The third-from-top of Litespeed’s road range combines super-fast performance with a smooth, comfy feel. Although it’s perfectly able to tear it up when required, it’s also happy to take things steady on an all-day ride without leaving you feeling battered and torn.
Our large-sized Icon hit the scales at 7.2kg (16lb), which is extremely light for a bike of this size – and the production version will be about 130g when Litespeed switches our bike’s Mavic Ksyrium SLs, for Mavic’s new R-Sys wheels.
Climb aboard, spin the cranks and it immediately flies like grit off a shovel. You find yourself flicking effortlessly up through the gears ridiculously fast, and if you’re coming from a bike a few pounds heavier, you’ll be stunned by the Icon’s acceleration.
Handling: Fast, accurate, loves to climb
Once up to cruising speed, you can sit back and enjoy the comfortable ride. The frame geometry is pretty standard road bike fare with 73° angles and an 18cm head-tube, and we liked the ride position it offered straight out of the box. If you want to go lower, 3cm of headset spacers gives you ample scope to tweak it.
The semi-compact design leaves a lot of seatpost showing and this, combined with the frame’s fairly compliant character and the soft-but-not-too-squidgy Arione saddle, helps keep you riding ache-free. And if you spot road irregularities too late to avoid them, you end up bracing yourself for jolts that never actually arrive – it’s very forgiving.
Downhill and through the bends and the Icon’s frame tracking is superb without any hint of fore-to-aft flex, while the full carbon Easton EC90 SL fork keeps your steering bang on.
The best bit, though, is when the road heads up – the Icon is a fabulous climbing companion. You find yourself halfway up steep hills barely realising you’ve started.
Or you stay seated on a climb that usually has you out of the saddle and cursing everything that’s sacred. It’s guaranteed to put a grin on your face.
The Icon is well into ‘you could buy a car for that’ territory; is it worthy of its monster price? A ton of work goes into every Litespeed frame and chances are it’ll last an age but, let’s be honest, if you want a bargain you need to look elsewhere. What the Icon does offer is one helluva sweet ride that provides speed without rattling your fillings.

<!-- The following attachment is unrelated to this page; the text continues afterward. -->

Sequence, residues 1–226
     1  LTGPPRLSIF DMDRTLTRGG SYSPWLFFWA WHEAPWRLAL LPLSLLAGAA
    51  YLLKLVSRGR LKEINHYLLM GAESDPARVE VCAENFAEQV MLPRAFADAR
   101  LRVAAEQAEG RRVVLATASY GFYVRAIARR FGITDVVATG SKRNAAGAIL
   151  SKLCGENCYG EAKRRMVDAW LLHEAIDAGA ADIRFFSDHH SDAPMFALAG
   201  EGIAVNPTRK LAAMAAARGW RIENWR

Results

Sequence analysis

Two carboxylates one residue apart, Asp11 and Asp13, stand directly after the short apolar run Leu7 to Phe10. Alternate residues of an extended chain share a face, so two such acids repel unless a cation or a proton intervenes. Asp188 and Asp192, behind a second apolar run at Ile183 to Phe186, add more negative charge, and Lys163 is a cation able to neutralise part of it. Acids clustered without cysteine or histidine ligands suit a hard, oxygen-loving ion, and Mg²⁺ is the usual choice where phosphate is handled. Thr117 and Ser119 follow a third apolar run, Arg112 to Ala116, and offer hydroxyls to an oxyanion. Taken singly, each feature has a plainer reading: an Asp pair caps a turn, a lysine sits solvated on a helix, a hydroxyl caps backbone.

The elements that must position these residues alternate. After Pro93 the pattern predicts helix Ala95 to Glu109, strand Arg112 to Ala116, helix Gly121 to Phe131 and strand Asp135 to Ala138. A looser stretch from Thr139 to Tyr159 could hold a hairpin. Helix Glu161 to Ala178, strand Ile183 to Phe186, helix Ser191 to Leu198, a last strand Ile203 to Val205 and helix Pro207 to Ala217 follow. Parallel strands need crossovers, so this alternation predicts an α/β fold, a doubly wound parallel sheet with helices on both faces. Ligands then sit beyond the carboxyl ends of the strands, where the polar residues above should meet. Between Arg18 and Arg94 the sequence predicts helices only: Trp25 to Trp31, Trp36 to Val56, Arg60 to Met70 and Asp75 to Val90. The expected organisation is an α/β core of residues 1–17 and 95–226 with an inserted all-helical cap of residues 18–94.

Despite its £4299 price tag, the Icon is the third most expensive bike in Litespeed’s all-titanium road range. Above it, there’s the long-established Ghisallo (£4499 in similar build), and the new Archon (£4799 in similar build) that shares the Icon’s geometry; they’re each a little lighter than the already super-light Icon.
Frame: Light, rigid and very classy
We like a titanium frame, us, but not because of the material’s strange, almost mystical qualities that we hear bandied about. We like titanium purely and simply because it can be built into light, stiff frames that are tough as a Mensa quiz night. And the Icon is all of these things.
Litespeed has been hellish busy shaping the Icon’s 3Al/2.5V titanium tubes with the aim of adding strength, stiffness and compliance where required. The top-tube alters from diamond section up front to ovalised at the seat-tube; the biaxial and custom-butted down-tube wraps around the bottom bracket slightly to increase the weld area; the driveside chainstay is a totally different shape from the opposite one to take account of the different forces… You get the idea. There’s a lot of engineering going on here.
But the Icon doesn’t look fussy or overdone. It’s a stunner, and titanium’s resistance to corrosion along with the mostly brushed finish means it’ll stay that way.
Components: High end, top performance
You can choose between three Litespeed specs, all based around Shimano groupsets.
Our top-end Dura-Ace set-up performed superbly with powerful, well regulated braking and ultra-slick gear changes; it’s virtually instant. The 53/39-tooth crankset and 12-25-tooth cassette gave us enough low gears for climbing and sufficient high ones for powering down the other side, but if you want to go down the compact route, choose the Ultegra SL build (£3299 with Mavic Ksyrium Elite wheels).
The Ritchey WCS bar, stem and seatpost combine their neat looks with a strong and lightweight performance while the long, narrow-nosed Fizik Arione Titanium saddle allows you plenty of scope for shifting position.
The Icon, like the rest of the range, comes with an external headset that allows Litespeed to use a slimmer, lighter head-tube and, it says, improve strength. It looks a little retro when nearly everyone else is hiding all the gubbins inside, but the Icon can carry it off and you can’t fault the performance of the Chris King unit. If past experience is anything to go by, it’ll outlive the lot of us.
Wheels: Stiff, strong and lightweight
Although our Icon was fitted with Mavic Ksyrium SLs, the production version in this build will use Mavic R-Sys wheels. We’ve been running these on another bike, and with stiff carbon fibre spokes that are clamped at both ends, they’re much stiffer than Ksyriums and considerably lighter (1355g the pair), and we’ve not yet managed to knock ours out of true despite months of use and abuse.
The one weakness the R-Sys has compared to Ksyriums and much of the opposition is in its aerodynamics; the chunky carbon spokes don’t slice through the air as efficiently as flat-bladed versions. They are still extremely fast rolling, though, and Mavic certainly hasn’t compromised its renowned durability.